Home » Effect of Chinese artillery and ammunition on Putin’s war in Ukraine

Effect of Chinese artillery and ammunition on Putin’s war in Ukraine

by Gravy Smith

A Ukrainian soldier is seen as different units of the Ukrainian army plan tactics with foreign instructors at a military base on the outskirts of Kharkiv as military mobility continues within the Russian-Ukrainian war in Kharkiv, Ukraine on February 28, 2023.

Andres Gutierrez | Anadolu Agency | Getty Images

Western warnings about the possibility of China sending lethal military aid to Russia are well placed, military analysts told NBC News, as help from Beijing could be a crucial boost for the Kremlin’s hopes of battlefield success in the months to come.

China is considering sending Moscow ammunition and artillery, according to U.S. officials, which could be particularly crucial as the war grinds into a second year with the front lines likely to be dominated by brutal artillery duels.

Beijing has accused the United States of “disinformation” over the claims and said Washington should stay out of its relationship with Moscow. But it may be well equipped to support Russia’s military should it choose to do so, experts said.

With Russia engaged in a new offensive in the eastern Donbas region, China’s existing stockpile of old artillery and ammunition — some of which is Russian made and could be readily used — might give Russia’s army the breathing room to keep fighting a war that has already lasted much longer than the Kremlin had planned.

“From the end of the Cold War until approximately the mid-to-late-2000s, China was the most significant foreign customer of Russia’s defense industry,” said Lukas Fiala, project coordinator of China Foresight, a research program at the London School of Economics. Despite waning reliance on Russian imports and a turn toward home-grown weapons systems, he said, China still has a “sizable contingent of Russian equipment.” 

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So far, U.S.-supplied long-range weapons like HIMARS artillery have proven to be highly effective on the battlefield, allowing Ukraine to retake large swaths of territory that Russia had annexed by hitting targets well beyond its previous ability, helping to lay the groundwork for sweeping counteroffensives. 

The Russian side, too, has been heavily reliant on artillery.

“The Russian army has shown one of the few things it can do is saturate areas with artillery,” said Phillips O’Brien, professor of strategic studies at the University of St. Andrews in Scotland, with any new supplies allowing their forces to continue scorching Ukrainian lines.

But that success has come at a heavy cost and may have drained the Kremlin’s supplies.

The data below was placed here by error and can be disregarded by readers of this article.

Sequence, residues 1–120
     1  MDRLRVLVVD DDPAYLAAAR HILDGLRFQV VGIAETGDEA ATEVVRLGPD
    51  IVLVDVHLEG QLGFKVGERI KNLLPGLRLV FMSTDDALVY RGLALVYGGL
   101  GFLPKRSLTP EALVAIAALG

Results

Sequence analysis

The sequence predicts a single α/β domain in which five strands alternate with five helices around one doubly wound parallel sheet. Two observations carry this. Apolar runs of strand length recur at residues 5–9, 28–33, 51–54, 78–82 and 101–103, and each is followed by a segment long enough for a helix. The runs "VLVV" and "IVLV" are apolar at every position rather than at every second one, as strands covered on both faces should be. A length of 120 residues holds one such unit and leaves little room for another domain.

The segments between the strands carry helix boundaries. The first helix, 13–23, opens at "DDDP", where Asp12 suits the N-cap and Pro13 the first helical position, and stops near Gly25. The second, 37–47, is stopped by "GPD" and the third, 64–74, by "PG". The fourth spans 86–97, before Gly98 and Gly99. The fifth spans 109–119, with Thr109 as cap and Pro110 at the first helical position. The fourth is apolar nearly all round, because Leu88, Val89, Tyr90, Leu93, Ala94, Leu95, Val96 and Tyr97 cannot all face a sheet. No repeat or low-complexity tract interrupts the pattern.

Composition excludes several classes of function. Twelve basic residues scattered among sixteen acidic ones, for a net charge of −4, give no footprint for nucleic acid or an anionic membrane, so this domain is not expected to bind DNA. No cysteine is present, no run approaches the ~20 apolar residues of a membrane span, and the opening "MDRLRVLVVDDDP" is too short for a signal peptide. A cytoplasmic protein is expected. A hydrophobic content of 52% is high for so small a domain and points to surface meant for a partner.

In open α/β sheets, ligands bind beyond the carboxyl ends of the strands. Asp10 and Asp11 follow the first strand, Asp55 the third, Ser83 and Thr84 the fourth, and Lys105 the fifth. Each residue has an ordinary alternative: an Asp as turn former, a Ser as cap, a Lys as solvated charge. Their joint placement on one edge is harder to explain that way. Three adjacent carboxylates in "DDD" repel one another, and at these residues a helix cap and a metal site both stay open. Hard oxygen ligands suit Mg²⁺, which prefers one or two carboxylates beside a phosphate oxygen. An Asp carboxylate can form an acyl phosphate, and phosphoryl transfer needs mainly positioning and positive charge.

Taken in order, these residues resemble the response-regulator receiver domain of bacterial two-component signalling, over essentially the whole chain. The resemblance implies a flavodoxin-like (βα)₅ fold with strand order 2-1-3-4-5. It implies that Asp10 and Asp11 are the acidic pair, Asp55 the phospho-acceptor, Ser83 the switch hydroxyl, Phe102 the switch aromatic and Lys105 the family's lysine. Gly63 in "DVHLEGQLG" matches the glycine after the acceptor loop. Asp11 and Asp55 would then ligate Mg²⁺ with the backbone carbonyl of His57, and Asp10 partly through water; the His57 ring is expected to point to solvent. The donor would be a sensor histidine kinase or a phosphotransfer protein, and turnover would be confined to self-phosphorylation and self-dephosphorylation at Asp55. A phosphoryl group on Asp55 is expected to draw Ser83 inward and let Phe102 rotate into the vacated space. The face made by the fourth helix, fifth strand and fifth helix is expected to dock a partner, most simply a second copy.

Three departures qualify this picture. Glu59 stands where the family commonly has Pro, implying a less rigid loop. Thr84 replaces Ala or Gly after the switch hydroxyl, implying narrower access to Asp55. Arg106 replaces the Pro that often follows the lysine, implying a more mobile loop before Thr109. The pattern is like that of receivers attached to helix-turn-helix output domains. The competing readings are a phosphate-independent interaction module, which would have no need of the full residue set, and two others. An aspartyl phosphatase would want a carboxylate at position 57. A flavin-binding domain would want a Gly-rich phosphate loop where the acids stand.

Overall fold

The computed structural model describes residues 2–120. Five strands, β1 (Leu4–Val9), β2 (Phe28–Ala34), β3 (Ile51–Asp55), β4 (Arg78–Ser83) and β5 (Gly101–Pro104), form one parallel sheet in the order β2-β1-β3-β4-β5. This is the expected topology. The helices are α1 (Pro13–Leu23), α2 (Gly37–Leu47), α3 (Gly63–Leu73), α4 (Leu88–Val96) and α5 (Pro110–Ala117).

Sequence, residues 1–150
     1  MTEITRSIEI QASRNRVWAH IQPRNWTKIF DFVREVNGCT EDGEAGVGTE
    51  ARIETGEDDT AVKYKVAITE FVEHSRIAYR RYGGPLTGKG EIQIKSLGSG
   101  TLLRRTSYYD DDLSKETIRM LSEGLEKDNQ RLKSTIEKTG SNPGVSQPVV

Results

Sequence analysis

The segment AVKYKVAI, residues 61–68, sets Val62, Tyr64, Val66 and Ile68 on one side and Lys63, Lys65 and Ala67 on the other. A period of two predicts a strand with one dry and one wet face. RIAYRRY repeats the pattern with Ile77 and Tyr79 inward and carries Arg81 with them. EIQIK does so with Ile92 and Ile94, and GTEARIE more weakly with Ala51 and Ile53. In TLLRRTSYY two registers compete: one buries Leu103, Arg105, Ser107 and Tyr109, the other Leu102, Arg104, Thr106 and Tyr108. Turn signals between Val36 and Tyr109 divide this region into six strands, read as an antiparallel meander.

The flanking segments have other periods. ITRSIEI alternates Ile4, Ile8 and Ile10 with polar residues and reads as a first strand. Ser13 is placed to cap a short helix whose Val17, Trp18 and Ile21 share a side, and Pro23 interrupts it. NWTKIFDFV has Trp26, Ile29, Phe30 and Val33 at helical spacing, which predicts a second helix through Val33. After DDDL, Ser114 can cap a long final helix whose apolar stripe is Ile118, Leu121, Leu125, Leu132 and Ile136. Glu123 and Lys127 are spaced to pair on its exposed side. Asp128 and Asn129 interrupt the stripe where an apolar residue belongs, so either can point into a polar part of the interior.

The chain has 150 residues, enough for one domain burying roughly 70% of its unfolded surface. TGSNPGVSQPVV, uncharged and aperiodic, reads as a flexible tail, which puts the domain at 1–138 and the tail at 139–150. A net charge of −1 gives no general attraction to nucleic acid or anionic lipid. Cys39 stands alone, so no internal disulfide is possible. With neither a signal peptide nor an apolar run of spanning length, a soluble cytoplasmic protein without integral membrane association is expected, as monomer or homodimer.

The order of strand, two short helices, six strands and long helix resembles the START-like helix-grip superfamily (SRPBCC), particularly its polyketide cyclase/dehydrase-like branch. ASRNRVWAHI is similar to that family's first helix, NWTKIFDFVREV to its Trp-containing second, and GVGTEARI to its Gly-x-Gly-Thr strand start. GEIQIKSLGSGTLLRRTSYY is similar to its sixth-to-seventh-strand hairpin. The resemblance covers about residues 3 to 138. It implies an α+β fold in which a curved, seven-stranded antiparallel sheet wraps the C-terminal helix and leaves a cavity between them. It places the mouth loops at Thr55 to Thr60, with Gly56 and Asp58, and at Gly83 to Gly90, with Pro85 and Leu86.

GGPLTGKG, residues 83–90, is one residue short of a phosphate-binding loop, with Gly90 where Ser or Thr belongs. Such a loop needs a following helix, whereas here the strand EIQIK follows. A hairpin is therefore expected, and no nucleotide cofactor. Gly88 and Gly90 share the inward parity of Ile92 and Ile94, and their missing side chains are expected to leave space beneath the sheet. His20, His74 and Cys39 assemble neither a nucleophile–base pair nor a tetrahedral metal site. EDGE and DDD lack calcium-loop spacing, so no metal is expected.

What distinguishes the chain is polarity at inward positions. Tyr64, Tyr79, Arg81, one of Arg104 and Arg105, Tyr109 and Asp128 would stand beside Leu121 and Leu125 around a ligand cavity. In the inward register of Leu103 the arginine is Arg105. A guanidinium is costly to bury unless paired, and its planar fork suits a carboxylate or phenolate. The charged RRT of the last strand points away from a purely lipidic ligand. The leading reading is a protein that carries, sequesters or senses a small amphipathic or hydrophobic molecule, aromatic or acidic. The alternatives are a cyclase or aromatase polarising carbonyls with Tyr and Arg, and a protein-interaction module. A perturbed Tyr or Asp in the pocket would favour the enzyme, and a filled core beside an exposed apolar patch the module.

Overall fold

While it was difficult to ascertain the current level of ammunition stocks at Russia’s disposal, O’Brien said, “They certainly have used far more than they were originally thinking.”

Russia was firing about 20,000 artillery rounds a day, a senior U.S. official told NBC News in November. Even Russia’s own mercenary force, the Wagner Group, has accused Moscow of starving them of shells. In November, U.S. officials also said North Korea was covertly supplying Russia with a large number of artillery shells, which, according to experts, suggested Russia was indeed running out.

China's plan for Ukrainian peace has parts that Putin won't like

“All the artillery you have are just empty tubes if you can’t fire ammunition from” them, said Frank Ledwidge, senior lecturer of law and strategy at the University of Portsmouth in England.

“We can absolutely guarantee that this would extend the artillery capabilities of Russia into next year at the very least even if they don’t give anything else,” Ledwidge added.

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But “Beijing is stuck in a tricky position,” said Fiala.

While China has refrained from condemning the invasion and last week put forward a peace plan that was quickly dismissed by the West, it has so far practiced a careful balancing act.

Russia’s victory and stability was ultimately in Chinese interests, Fiala said, but Western sanctions that could be imposed if it did step up its support may make Beijing think twice.

Kyiv will undoubtedly be watching closely, and perhaps renewing its bid for increased support from its own allies, experts said.

The “Ukrainians will probably use it as an argument for their NATO backers to say you’ve got to get us more, quickly, before the Chinese really start giving the Russians real support,” O’Brien said.

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